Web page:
These advantages are undoubtedly the results of the painstaking efforts of the government and other political parties that have ensured that culturalvariety does not degenerate into cultural revulsion. Indeed, the presence of cultural diversity and the resulting need to manage the associated benefits and problems are tricky issues that make the government stronger and more capable of tackling any future diversions that may head their way. As much as globalization brings about a homogenizing effect that blends the world into a landscape of uninspiring cultural similarity, minority groups will almost always be present, and it is of utmost importance that these groups are not marginalized and unrepresented in the political front. In fact, the presence of a strong, or fair political showing in the Parliament by members of the minorities are usually indications of a healthy political scene that takes into consideration the welfare of all different kinds of citizens, and is not merely concerned with meeting the needs of the majority.
The presidential campaign of the United States (US) candidate, Obama, is considered by many to be revolutionary, a change that may completely transform the face of the US, and even global politics. Being an African-American, he is their representative and spokesperson. Should he be elected as President of the United States, it is almost expected that this group will be given its fair share of the spotlight in political debates, and that its welfare will be treated with much more respect than before. Closer to home, the Singaporean political scene already has established members of different backgrounds and races, representing the four major groups in Singapore. It is a system that has helped Singapore achieve economic and social prosperity following its independence in 1965, and is a prime example of how governments can be strengthened by cultural diversity.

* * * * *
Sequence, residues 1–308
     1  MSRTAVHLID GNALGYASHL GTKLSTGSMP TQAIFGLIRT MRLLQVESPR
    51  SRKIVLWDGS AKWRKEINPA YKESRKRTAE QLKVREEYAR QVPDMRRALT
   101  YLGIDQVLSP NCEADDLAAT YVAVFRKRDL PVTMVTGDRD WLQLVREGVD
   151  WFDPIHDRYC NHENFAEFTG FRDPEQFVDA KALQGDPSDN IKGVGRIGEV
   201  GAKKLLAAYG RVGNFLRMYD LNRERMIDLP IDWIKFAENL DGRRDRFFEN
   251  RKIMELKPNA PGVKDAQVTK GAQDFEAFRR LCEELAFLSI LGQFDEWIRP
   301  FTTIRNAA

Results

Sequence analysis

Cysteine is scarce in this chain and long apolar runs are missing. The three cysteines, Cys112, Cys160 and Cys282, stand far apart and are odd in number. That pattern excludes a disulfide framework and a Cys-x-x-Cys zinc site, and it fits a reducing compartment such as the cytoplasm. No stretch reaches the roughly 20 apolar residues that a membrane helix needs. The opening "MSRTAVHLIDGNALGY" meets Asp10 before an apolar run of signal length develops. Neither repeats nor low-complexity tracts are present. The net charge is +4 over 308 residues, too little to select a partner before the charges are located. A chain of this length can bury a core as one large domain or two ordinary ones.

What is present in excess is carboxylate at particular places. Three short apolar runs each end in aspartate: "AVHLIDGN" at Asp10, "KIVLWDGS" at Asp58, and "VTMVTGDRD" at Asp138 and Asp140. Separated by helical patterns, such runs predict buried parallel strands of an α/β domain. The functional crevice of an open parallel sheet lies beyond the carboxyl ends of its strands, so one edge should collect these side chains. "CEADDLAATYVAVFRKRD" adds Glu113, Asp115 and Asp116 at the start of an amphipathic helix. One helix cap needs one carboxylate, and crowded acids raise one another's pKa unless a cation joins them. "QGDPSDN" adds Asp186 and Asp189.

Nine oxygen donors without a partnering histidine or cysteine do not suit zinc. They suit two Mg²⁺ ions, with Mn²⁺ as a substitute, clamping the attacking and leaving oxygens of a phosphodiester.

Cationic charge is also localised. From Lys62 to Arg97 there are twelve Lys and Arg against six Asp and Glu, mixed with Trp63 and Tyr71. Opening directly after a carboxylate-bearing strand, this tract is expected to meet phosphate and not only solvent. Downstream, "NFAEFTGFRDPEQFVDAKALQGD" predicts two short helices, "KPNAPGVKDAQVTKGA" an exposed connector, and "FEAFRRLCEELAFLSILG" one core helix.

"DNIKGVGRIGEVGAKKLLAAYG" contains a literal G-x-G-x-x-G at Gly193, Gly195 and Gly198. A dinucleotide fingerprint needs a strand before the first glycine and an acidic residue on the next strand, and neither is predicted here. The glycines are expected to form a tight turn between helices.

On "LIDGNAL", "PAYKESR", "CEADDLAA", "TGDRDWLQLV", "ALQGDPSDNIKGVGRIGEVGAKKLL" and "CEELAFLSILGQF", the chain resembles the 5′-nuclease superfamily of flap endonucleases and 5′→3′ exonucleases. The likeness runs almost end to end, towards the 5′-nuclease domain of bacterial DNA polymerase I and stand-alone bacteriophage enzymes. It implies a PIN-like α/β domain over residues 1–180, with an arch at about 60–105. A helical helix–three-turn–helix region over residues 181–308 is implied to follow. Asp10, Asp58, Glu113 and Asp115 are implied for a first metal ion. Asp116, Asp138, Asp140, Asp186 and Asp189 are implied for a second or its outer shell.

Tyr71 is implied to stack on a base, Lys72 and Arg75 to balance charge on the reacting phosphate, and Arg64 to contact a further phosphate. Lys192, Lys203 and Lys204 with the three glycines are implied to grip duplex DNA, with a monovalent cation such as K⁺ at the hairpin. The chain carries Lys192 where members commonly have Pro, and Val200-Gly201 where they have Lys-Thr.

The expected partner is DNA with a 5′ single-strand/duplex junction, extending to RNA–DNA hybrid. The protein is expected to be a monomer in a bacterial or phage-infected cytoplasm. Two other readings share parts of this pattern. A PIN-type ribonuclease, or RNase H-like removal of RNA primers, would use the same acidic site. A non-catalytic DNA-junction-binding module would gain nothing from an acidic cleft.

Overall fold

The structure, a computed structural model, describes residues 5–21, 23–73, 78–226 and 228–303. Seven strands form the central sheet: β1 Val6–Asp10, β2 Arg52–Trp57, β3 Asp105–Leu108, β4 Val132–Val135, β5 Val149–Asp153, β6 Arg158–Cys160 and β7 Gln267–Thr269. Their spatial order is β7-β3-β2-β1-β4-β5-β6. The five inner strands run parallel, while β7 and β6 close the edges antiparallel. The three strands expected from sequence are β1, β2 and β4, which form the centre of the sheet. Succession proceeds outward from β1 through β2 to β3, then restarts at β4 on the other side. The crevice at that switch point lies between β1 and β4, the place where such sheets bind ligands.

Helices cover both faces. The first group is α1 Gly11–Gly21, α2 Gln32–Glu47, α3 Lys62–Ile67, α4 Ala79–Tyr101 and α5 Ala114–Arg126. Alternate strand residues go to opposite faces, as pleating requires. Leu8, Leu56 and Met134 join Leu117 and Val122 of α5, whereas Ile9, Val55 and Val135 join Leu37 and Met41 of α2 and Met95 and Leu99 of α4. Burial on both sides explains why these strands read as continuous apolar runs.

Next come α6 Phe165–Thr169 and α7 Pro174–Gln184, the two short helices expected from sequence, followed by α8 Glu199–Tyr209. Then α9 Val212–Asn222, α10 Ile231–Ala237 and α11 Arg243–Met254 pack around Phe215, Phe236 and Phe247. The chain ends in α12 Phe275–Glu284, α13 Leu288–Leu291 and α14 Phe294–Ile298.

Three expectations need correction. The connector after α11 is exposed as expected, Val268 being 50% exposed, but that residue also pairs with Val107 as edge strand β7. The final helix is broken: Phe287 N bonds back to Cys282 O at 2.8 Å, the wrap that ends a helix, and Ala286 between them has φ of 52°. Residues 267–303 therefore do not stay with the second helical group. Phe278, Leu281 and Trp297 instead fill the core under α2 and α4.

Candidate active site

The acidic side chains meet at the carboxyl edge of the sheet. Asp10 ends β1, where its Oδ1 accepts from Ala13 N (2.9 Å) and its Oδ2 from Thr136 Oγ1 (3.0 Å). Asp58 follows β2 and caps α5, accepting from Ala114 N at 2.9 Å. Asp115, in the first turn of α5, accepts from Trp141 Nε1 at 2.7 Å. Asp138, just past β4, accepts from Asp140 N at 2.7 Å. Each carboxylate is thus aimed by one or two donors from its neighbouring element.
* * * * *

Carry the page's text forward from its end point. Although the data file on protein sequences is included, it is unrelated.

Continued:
Despite the many advantages that a diverse society can bring to the table, some naysayers continue to believe that a homogeneous society is the answer to the elimination of social and cultural tension. Yet, in their naïve belief that creating a community of people with the same background and the same belief system is key to harmony and the solution to problems arising from diversity, they forget that what needs to take place first if the elimination of the minority: Hitler ‘cleansed’ the world of Jews in the WWII and Rwanda is entangled in the bitter civil war between two of the biggest tribes, each vowing to exterminate the other. The loss of human lives calls into question the perceived ‘benefits’ of homogenization, and the uninformed belief that a homogeneous society has more to offer than that of a diverse one. With careful planning and management, I believe that having a culturally diverse society will give countries a much-needed edge in the increasingly globalised future.